Genet Berhane believes Adventist education changes lives—it changed hers. “I grew up in Ethiopia and went to an Orthodox church,” Berhane says. “My uncle, the only Adventist in my family at that time, sent me to Akaki Adventist School. When he left the country, my father started paying my tuition. When I chose to be baptized, my father became very angry and he denied me as his daughter and stopped paying. It was very hard, but I believed strongly in God and my faith.” The principal worked to get Berhane a scholarship and, when he saw the dramatic shift occurring in her, he decided to pay for her schooling himself.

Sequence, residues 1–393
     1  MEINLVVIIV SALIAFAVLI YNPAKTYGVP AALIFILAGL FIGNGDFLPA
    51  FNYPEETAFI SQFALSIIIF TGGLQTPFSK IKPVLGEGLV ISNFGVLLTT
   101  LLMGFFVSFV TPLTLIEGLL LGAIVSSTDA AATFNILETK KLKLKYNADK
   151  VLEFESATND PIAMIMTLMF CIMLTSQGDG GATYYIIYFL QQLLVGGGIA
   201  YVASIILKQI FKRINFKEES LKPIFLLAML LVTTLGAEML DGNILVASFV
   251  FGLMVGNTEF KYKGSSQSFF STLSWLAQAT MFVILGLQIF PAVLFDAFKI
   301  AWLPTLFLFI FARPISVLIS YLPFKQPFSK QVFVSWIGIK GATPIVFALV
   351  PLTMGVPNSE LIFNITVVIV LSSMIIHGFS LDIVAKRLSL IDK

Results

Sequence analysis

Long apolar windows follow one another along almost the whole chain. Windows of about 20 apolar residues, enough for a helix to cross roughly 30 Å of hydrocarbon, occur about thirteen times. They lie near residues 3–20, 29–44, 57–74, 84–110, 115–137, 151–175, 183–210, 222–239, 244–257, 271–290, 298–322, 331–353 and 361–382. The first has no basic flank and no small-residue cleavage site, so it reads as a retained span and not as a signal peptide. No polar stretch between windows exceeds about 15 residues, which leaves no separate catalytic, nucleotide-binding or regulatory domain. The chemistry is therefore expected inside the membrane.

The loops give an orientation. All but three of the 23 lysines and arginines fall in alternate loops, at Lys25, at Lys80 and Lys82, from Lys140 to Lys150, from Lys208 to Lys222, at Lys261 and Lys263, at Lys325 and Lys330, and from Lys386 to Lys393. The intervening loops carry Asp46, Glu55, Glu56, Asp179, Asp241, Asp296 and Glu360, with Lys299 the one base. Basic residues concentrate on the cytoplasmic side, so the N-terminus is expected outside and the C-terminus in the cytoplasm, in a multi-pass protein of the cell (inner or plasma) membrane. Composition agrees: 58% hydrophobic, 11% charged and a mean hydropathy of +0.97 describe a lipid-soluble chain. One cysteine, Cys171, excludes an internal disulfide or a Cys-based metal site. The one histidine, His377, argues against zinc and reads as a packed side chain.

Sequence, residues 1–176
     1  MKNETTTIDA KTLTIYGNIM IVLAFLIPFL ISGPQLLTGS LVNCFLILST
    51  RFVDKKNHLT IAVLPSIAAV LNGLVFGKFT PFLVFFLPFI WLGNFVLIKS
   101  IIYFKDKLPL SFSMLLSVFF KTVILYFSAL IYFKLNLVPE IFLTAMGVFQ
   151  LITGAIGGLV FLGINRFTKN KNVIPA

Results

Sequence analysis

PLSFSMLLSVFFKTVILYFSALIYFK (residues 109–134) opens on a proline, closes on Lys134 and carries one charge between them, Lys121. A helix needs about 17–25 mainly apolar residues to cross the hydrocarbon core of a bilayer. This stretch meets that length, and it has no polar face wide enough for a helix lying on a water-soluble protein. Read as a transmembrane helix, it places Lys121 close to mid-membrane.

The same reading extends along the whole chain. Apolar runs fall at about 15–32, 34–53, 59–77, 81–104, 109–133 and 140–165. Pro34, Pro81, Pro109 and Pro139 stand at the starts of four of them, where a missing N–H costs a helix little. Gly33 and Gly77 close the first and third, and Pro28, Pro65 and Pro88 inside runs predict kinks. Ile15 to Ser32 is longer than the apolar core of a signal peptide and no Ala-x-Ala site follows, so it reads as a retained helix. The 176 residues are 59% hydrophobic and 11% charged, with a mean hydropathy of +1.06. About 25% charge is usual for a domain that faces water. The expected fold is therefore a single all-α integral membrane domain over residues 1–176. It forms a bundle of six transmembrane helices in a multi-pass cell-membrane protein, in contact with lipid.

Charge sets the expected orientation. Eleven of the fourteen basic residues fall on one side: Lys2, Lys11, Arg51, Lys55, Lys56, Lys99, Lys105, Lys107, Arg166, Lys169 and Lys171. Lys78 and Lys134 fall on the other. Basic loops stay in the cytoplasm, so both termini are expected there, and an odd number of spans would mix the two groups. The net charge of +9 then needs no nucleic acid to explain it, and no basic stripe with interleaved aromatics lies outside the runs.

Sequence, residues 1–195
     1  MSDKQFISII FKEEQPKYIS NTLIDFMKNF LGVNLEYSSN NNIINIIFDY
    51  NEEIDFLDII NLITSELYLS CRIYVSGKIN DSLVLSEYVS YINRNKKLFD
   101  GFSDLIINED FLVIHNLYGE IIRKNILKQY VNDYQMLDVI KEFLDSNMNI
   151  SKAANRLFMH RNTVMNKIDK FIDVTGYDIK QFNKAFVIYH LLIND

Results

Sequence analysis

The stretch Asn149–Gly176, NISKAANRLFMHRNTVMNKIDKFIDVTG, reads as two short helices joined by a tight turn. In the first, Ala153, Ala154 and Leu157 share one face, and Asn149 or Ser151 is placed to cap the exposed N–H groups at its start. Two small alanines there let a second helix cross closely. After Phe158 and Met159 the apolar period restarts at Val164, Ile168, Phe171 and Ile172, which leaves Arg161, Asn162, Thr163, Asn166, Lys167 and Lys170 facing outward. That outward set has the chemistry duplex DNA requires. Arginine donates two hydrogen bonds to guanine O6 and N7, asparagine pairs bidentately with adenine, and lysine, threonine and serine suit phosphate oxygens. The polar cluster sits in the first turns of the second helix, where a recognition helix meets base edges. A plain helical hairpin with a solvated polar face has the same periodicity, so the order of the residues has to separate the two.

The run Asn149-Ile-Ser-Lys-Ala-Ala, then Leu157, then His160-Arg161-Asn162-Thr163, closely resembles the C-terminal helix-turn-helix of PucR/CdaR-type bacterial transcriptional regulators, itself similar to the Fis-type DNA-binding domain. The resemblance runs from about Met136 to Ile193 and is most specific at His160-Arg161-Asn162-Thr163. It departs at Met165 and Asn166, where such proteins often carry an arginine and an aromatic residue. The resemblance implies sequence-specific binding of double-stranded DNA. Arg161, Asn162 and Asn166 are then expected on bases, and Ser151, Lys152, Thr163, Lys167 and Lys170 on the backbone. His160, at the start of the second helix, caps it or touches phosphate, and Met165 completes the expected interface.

Berhane, now a member of the Capital Memorial church in Washington, D.C., says after her conversion it became her responsibility to be a witness. Now she works to get as many non-Adventist immigrant students into Adventist schools as possible, acting as a mediator between faculty and the families to help work out details. Her ministry has helped more than 20 kids attend schools in Maryland and Virginia, including her nephew Robell Yigebaha (pictured above), who recently graduated from Takoma Academy (TA) in Takoma Park, Md.
“My church family, Sligo Adventist School (Silver Spring, Md.) and TA have continuously supported this ministry and have tirelessly worked with me to make this a reality for families,” says Berhane. “People need to know God. I want those outside of our believer family to have the opportunity to get an education that can change their lives.”